4. If man were created without grace, could he ever be truly happy? The explanation of the meaning of beatitude—the attainment of perfect goodness (God) by a perfect and permanent act—and the presentation of the supernatural end alone as absolutely ultimate suggest a negative answer (Summa theologiae 1a2ae, 1–3). But Thomas explicitly considers the possibility that God could have created man without grace (De malo 4.1 ad 14; Quodl. 1.4.3). His teaching that man necessarily seeks happiness in something he knows and accepts as an ultimate end (In 4 sent. 184.108.40.206) suggests that a man created without grace could achieve a true happiness that would be an imperfect likeness of beatitude. The account of the state of unbaptized infants—they exist without pain and frustration despite original sin—indicates the minimum of which human nature is capable.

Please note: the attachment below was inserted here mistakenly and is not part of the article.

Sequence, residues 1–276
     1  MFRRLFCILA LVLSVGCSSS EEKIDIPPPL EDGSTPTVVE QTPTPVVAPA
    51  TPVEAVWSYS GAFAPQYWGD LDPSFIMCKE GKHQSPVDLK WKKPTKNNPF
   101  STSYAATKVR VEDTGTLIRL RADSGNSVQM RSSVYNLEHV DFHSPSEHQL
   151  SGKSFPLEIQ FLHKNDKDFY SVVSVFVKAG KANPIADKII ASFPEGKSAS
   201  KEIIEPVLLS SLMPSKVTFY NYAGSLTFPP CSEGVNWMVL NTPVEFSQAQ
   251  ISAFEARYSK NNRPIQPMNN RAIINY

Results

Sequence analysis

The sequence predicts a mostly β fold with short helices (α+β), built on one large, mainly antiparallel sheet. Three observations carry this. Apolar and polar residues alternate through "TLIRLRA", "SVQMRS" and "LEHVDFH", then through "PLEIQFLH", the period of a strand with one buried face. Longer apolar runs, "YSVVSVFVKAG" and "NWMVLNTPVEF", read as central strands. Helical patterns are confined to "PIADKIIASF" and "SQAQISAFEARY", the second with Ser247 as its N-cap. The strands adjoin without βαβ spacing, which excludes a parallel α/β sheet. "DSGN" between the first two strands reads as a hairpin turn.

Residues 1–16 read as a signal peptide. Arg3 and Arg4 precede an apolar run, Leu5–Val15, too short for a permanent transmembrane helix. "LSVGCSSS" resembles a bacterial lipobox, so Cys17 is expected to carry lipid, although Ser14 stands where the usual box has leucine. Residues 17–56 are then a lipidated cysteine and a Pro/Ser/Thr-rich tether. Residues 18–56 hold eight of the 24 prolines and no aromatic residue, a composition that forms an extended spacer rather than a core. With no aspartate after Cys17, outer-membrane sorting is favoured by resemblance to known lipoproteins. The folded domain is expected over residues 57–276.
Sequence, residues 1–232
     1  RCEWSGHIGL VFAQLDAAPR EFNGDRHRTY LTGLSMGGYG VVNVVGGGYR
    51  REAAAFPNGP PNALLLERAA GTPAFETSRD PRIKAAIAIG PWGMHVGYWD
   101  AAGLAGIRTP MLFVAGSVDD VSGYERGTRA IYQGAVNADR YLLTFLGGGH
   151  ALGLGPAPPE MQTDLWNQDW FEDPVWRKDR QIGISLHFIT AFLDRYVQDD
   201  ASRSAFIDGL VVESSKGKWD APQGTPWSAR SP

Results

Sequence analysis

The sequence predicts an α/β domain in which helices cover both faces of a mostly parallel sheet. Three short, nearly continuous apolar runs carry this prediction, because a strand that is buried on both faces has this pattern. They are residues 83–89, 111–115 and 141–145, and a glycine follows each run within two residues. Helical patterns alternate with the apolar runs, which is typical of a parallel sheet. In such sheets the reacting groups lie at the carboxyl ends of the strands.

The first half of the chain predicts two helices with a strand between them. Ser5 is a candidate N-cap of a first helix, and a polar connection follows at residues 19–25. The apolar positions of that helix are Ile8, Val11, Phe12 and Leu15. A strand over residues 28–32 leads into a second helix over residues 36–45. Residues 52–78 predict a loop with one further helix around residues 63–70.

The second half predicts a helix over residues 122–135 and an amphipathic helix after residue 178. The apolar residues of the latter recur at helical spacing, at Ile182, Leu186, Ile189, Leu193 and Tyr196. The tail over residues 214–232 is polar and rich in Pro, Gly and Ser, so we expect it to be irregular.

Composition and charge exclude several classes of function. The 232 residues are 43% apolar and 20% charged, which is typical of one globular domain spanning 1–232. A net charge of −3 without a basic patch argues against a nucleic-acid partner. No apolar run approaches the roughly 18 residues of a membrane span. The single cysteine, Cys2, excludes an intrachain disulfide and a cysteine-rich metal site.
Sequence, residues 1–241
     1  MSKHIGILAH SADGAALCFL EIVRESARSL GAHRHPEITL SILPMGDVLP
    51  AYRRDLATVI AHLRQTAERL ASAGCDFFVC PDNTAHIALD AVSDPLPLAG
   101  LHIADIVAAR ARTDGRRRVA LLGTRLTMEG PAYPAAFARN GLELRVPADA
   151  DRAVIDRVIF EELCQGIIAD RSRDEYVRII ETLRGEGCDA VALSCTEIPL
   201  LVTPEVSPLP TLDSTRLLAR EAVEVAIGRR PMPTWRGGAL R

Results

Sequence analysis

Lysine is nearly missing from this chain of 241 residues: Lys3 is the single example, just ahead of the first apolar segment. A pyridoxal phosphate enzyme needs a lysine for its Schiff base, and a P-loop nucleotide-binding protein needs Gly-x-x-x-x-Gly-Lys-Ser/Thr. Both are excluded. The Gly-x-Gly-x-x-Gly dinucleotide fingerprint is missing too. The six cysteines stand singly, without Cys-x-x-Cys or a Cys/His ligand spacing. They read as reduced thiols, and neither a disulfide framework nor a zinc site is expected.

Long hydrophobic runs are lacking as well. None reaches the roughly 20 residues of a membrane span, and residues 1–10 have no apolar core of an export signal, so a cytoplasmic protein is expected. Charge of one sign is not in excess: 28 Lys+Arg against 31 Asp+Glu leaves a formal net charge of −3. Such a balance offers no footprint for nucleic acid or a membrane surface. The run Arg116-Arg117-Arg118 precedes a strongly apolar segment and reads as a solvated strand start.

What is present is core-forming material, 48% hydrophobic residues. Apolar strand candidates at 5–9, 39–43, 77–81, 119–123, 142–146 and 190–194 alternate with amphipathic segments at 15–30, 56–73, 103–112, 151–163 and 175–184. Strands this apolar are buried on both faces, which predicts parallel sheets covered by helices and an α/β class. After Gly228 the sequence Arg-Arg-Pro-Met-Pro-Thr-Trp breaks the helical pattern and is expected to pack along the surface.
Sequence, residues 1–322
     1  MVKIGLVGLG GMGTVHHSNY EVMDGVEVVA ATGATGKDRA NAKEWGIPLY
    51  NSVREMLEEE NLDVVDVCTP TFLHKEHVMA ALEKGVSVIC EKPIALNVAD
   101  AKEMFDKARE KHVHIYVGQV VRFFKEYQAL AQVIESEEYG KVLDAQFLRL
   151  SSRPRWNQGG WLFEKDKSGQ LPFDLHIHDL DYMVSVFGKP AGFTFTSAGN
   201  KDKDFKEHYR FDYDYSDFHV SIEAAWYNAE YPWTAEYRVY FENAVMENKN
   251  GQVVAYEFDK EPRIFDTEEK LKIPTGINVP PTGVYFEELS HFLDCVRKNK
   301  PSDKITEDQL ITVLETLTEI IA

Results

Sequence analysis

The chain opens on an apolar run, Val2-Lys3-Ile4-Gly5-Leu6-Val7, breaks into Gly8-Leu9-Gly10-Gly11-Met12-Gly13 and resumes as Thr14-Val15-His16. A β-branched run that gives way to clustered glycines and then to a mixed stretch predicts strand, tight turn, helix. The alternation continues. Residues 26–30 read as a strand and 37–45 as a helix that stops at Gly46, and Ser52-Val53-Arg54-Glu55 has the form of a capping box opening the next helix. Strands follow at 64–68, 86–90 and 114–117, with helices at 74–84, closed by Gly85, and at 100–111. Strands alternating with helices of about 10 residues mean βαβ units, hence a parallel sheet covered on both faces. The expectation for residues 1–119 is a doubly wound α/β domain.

5. Given grace, does man have a natural last end as well as a supernatural one? The negative answer is indicated because man cannot have two ultimate ends. But Thomas's derivation of a complete doctrine on natural virtues and natural law from a consideration of goods proportionate to human nature (Summa theologiae la2ae, 61, 94) suggests that man's natural end is not removed by grace; therefore, the natural end must take a subordinate place within Christian life. This conclusion agrees also with Thomas's general teaching that grace presupposes and complements nature but does not abridge it.
Aquinas's teaching has given rise to many controversies because it is inherently complex and because the synthesis he presents is not wholly complete and explicit. The works of other great schoolmen have hardly been examined by scholars in relation to this problem. All the positions now current among Catholic thinkers plausibly claim some support from Thomas Aquinas.
Modern philosophy. A few early modern philosophers continued to treat the problem of the end of man according to its classic formulation. spinoza is one example; his position is somewhat like that of Neoplatonism. Generally the old concept of end is unknown, and happiness is equated with the subjective feeling of satisfaction.